Every kid knows that bullying is wrong Mennie says, but few will act on that knowledge in the heat of the moment without practice. She and Kootenay guide the students through scenarios where they have to use self-control to apply that day's lesson. They also film each session so they can show the students exactly when they made the right — or wrong — decisions.
Derian, obviously taking this very seriously, strolls up to his buds and gets body-checked to the floor. "Oh, my shoulder!" he says, grinning. He could go over and slug the guys, but what if they did it by accident? "I'm feeling really mad, but I don't want to get in trouble."
He steps back and takes a few deep, slow breaths to calm down.
"Do you feel calm?" Mennie asks. "You look calm. What's your plan?" Derian says he'll ask Scott and Logan if that was an accident. It turns out it wasn't, and they start shoving him back and forth. With the audience's help, he figures out that he should walk away and get a teacher.
The students are only half of SNAP, Mennie notes — the parents are involved too. "Every parent has that [problem] where you come into a room and, gasp! You're instantly angry at something [your kid] has done," she says. SNAP parents come in for separate sessions each week for lessons on child discipline, relaxation and other topics, all practised through role-play. They also get to watch their kids on film to see how they're improving.
Better parents, better kids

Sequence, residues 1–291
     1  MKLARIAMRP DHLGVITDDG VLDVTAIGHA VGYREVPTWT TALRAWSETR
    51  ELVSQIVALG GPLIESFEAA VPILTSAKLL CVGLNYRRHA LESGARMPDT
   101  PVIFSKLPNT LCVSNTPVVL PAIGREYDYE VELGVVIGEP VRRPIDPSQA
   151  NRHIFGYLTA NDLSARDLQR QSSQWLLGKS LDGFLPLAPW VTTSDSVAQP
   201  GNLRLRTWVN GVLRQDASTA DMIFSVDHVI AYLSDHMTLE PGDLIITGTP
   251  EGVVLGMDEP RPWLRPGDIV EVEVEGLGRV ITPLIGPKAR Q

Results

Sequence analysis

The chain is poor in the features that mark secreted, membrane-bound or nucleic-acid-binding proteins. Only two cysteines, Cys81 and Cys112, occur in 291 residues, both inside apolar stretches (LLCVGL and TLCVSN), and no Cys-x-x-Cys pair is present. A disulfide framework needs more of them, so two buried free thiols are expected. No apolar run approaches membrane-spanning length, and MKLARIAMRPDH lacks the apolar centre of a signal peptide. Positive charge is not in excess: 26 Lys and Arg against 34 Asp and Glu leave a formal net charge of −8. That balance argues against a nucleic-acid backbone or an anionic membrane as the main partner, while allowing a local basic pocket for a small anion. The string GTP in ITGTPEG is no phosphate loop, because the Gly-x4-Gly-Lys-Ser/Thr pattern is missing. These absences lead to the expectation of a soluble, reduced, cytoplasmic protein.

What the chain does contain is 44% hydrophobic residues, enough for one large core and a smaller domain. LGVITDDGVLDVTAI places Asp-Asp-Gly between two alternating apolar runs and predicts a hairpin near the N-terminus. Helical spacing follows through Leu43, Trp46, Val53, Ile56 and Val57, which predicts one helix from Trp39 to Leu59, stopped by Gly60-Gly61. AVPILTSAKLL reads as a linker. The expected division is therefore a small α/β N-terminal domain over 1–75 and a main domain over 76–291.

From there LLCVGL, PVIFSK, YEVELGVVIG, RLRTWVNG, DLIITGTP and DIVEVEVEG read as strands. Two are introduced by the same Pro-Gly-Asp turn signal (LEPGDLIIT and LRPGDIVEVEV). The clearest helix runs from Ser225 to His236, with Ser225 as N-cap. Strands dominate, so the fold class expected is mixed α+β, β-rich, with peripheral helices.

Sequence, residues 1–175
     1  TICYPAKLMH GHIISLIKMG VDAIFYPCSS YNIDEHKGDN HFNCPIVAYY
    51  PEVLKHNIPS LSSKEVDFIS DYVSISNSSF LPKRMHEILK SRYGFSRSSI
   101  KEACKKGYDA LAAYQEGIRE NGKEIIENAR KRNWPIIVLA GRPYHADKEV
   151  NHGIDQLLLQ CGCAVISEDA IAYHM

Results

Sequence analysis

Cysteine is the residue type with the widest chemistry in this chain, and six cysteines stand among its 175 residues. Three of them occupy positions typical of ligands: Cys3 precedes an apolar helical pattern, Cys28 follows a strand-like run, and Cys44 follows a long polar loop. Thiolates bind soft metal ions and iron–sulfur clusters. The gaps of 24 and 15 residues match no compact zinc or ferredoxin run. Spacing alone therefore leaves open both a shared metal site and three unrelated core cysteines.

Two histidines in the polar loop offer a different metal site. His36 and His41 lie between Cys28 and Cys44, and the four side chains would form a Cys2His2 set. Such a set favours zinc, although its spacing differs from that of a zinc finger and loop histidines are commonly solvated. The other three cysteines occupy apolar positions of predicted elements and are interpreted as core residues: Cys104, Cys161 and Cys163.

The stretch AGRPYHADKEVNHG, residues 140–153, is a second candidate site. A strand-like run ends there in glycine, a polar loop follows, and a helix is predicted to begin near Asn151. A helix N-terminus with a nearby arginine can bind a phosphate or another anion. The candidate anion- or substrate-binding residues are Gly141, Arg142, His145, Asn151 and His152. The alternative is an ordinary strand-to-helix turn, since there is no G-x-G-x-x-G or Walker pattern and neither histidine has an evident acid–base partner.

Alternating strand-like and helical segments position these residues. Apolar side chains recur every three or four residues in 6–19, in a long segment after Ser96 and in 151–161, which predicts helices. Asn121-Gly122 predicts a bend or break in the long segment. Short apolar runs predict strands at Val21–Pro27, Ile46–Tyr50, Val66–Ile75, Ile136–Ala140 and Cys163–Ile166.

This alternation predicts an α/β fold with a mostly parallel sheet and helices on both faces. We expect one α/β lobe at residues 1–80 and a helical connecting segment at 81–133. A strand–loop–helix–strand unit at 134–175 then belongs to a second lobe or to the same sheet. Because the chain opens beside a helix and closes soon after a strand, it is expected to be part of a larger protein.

Kootenay gathers the kids in a circle for their graduation ceremony. They pick up their hand drums and play an honour song for their parents in the audience before receiving their certificates.
Larry Kootenay gives his grandson Derian a kiss on the head. Derian's temper always seemed to get him in trouble before, he says, but this program seems to have changed him. "He seemed to slow down and address the issue more," he says, and now spends more time listening to his parents.
Justus used to break things or fight when he didn't get his way, says his mother Melissa Harris, and had a habit of hanging out with the wrong crowd. "He wasn't a choice-maker. He'd just follow."
Now, he's making better choices for himself. "He knows he has a choice to hang out with the bad kids or be a good kid and ignore it all."
As for herself, she says she used to send Justus to his room whenever he acted up. Now, she knows to talk with him to give him a chance to explain how he feels. "I learned that the more support you give, the more you see change."
The lessons aren't perfect, of course: Kootenay has to talk two of the kids down after a near scuffle over grandparents, and some of the parents didn't attend all their lessons. The kids had near perfect attendance.
Still, Soetaert says he's already seen great improvement in the kids' behaviour. "I didn't see any of them in my office for a long time," he says. "Instead of someone else controlling their behaviour, they were in control."
This isn't the end for these six kids, Mennie says; they'll have weekly meetings for the rest of the year even as the next six students enter the program. The rest of the school will start learning SNAP in class as well.
Everyone could benefit from the lessons of SNAP, she says. "If every teacher, parent and kid can take something from this and improve how they handle situations ... we've made a difference."
It already has a thumbs-up from Derian's grandfather. "This is what I'm proud of: I don't hear any more of this going to the principal's office, or getting suspended for a day or so," he says. "I know he's going to go into a different way, a better way, and I'm going to be there for him."